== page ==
Whatever you happen to be teaching, your students may have to pay some kind of sales or consumption tax when they purchase your course or program.
This article aims to help give you clarity on how tax is determined, in which countries it's applied, and what sites or software can help you handle it.
Tax factors for online courses
Is it pre-recorded or live?
Generally, live content isn't taxed like a digital product. But some places distinguish between streamed or downloaded, even though both are technically "delivered electronically."
Is it automated or interactive?
Generally, automated online courses are subject to digital tax, whereas courses with human interaction are not.
"Human interaction" can be defined as: interaction between other students, with an instructor, or if there's a live tutoring component (ie: an evaluation that's conducted by a human, rather than computer)
Is the student earning credits toward a formal educational program?
If a student is working toward a degree and the online course is contributing credits, then typically tax does not apply. Otherwise, an online course can be considered a digital service, rather than an educational service, and will be subject to tax.
Are there physical materials accompanying the course?
Books, CDs and other physical materials that are sold or delivered in tandem with the e-course can be taxed.
How specific countries tax online courses
The US sales tax system is notoriously complicated, and it's no different with online courses. Rules about distance learning or webinars vary from state to state. Taxability can hinge on any number of technicalities, such as whether the course is downloaded or just streamed. You'll need to check each state individually.
However, 24 states are part of the Streamlined Sales and Use Tax Agreement (SSUTA), which means they all share the same guidelines! That provides some much-needed consistency and simplicity across half of the country, but keep in mind that each state charges tax at its own rate.
The SSUTA guidelines say the following about online courses and webinars:
- NOT TAXED: "Live Digital Online Educational Services" are not taxed. So, if you present the course or seminar live in real time, then it's not subject to sales tax.
- NOT TAXED: "The participants are connected to other participants and presenters via Internet or other networks, allowing the participants to provide, receive, and discuss information together by live interaction, contemporaneous with the presentation."
- NOT TAXED: "The participant is evaluated by an instructor. ‘Evaluated by an instructor' does not include being graded by, scored by, or evaluated by a computer program or an interactive, automated method."
Your business need only meet one of the above conditions to be exempt from sales tax.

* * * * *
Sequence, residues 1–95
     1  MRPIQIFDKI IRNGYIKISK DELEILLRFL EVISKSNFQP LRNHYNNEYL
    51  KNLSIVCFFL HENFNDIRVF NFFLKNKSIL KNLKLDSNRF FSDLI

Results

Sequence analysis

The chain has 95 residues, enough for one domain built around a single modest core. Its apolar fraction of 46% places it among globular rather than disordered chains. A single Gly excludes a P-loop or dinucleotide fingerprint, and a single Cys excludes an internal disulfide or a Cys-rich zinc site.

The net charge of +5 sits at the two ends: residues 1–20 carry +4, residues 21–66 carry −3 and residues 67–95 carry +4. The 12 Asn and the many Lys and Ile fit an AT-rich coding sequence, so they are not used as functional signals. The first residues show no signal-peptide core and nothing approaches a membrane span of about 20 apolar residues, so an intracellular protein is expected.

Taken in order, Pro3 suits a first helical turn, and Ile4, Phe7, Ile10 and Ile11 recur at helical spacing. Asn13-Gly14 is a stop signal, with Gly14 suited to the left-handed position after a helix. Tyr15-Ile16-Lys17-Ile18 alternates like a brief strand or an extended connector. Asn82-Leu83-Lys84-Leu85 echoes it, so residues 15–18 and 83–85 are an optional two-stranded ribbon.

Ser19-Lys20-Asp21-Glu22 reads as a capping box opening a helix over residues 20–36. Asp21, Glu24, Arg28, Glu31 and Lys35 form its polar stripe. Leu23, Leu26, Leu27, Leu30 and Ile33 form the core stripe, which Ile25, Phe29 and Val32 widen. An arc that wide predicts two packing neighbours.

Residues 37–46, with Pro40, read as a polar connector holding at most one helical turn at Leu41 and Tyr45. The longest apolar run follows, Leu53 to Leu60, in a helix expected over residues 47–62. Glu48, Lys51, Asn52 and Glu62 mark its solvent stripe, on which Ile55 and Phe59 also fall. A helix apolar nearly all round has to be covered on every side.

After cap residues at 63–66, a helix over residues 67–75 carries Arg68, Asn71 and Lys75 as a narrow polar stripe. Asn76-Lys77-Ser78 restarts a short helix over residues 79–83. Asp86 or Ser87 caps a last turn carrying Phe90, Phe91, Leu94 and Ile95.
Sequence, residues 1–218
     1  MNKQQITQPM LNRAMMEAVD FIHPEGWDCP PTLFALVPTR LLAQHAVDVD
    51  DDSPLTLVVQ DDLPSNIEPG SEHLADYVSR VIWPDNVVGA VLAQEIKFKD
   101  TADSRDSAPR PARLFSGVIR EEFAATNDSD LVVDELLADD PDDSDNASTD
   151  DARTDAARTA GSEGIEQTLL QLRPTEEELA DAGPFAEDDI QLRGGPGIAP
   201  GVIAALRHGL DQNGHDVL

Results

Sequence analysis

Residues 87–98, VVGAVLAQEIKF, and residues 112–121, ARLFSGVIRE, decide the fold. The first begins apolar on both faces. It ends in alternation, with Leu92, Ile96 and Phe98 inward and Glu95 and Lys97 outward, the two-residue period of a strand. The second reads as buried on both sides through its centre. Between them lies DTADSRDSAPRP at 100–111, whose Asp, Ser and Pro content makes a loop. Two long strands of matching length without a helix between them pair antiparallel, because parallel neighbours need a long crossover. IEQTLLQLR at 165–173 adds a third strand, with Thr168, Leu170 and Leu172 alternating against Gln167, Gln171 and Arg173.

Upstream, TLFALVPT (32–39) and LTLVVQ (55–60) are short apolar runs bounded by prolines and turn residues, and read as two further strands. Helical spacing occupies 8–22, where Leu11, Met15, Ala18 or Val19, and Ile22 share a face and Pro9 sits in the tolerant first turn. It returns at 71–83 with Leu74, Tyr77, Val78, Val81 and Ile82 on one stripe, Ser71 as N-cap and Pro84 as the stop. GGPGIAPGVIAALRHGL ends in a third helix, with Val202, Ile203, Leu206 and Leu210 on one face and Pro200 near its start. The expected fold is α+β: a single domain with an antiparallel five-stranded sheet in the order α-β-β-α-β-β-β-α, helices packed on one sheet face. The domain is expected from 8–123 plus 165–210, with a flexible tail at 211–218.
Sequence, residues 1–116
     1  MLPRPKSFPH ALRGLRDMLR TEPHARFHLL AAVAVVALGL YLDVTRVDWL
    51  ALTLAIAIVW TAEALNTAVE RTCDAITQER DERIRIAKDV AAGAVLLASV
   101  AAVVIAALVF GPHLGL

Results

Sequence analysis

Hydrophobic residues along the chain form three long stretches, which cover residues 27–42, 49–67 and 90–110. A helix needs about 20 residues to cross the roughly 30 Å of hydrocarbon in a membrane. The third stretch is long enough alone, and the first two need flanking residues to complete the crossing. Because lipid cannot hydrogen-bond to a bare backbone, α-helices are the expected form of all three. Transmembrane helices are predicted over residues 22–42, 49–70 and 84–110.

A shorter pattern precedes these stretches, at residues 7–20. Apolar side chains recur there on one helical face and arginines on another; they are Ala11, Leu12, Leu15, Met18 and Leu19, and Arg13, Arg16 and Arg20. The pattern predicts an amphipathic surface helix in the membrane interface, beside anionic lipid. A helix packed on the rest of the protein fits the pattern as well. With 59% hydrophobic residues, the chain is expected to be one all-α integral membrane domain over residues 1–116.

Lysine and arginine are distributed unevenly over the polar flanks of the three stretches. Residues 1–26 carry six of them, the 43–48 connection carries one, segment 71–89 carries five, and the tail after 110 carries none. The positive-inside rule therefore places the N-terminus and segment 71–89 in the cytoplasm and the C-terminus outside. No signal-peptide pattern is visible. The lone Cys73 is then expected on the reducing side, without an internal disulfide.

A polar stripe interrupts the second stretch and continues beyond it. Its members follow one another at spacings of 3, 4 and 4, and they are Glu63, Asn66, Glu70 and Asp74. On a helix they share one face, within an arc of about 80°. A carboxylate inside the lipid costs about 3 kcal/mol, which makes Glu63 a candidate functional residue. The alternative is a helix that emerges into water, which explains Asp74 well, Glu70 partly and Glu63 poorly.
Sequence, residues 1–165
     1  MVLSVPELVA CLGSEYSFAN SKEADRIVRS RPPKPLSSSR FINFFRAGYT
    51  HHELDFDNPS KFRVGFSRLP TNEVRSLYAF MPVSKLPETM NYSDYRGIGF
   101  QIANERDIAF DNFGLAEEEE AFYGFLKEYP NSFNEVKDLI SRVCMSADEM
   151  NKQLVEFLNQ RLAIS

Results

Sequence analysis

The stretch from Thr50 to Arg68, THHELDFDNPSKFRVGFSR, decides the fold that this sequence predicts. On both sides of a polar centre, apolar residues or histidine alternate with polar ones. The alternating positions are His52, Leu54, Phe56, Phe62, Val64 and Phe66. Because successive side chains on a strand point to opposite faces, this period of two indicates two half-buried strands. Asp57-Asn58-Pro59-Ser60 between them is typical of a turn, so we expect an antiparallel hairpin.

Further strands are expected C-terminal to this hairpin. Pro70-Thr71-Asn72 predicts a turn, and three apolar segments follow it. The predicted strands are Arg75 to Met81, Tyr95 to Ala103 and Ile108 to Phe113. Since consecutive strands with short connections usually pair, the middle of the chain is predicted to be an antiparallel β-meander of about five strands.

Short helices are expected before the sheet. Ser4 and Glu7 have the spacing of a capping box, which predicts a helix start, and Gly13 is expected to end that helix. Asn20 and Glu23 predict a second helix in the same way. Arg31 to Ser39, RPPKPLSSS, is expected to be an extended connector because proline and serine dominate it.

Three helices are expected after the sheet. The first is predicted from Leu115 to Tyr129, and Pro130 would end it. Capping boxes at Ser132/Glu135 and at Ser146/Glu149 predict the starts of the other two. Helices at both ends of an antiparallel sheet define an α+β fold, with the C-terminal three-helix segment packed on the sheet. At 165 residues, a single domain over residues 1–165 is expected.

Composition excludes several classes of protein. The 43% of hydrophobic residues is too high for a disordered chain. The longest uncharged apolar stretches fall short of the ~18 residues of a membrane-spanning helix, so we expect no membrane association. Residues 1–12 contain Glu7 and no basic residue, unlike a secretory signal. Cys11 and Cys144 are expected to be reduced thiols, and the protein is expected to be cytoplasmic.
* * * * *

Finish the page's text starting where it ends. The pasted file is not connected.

Essentially, if your course is pre-recorded, there's no way for the students to interact with each other during the course, and any evaluations are automatic — then it is subject to sales tax in the SSUTA states.
Fortunately, the EU rules are uniform across all 28 countries! Though the language is still pretty dense. Here it is from the horse's mouth.
"Automated distance teaching dependent on the Internet or similar electronic network to function and the supply of which requires limited or no human intervention, including virtual classrooms, except where the Internet or similar electronic network is used as a tool simply for communication between the teacher and student... [Courses with] workbooks completed by pupils online and marked in an automated fashion without human intervention." -- EU explanatory notes
Right... Basically, the EU VAT guidelines for online courses are very similar to those of the SSUTA:
- NOT SUBJECT TO DIGITAL TAX: Live courses or webinars.*
- NOT SUBJECT TO DIGITAL TAX: Any online courses that earn educational credit for the student toward some kind of degree.
- TAXED: automatic, delivered electronically, and no human interaction.
In cases where VAT does apply, you must charge the VAT digital tax rate of the country where your customer lives. For full guidelines on how to handle EU taxes for your online course, please check with your tax advisor.
*Live webinars may be subject to standard VAT rules for educational materials, rather than the rules for digital products. To be sure, please check with your tax advisor!
Australia and New Zealand
When it comes to online courses, the GST laws in Australia and New Zealand are broad (and pretty vague in comparison to the US or EU). There are no nuances or caveats. The ATO website states that GST applies to "webinars or distance learning courses" — that's it.
So, GST effectively applies to any kind of online course, regardless of whether it's live or pre-recorded, whether there's any human interaction.
However, Australia and New Zealand have sales thresholds for GST, meaning you don't need to charge tax on your courses unless you've surpassed a pretty significant annual total of sales in either country. In Australia, the threshold is A$75,000, and in New Zealand it's NZD $60,000.
How are you delivering your online course?
Of course, if you're selling from your own website, then you follow the tax guidelines as any independent business owner would do.
But if you use a distance learning platform or marketplace, then you should check what your tax responsibilities are. Some sites will charge, collect, and remit all consumption tax for you, while others might just cover certain steps or certain regions.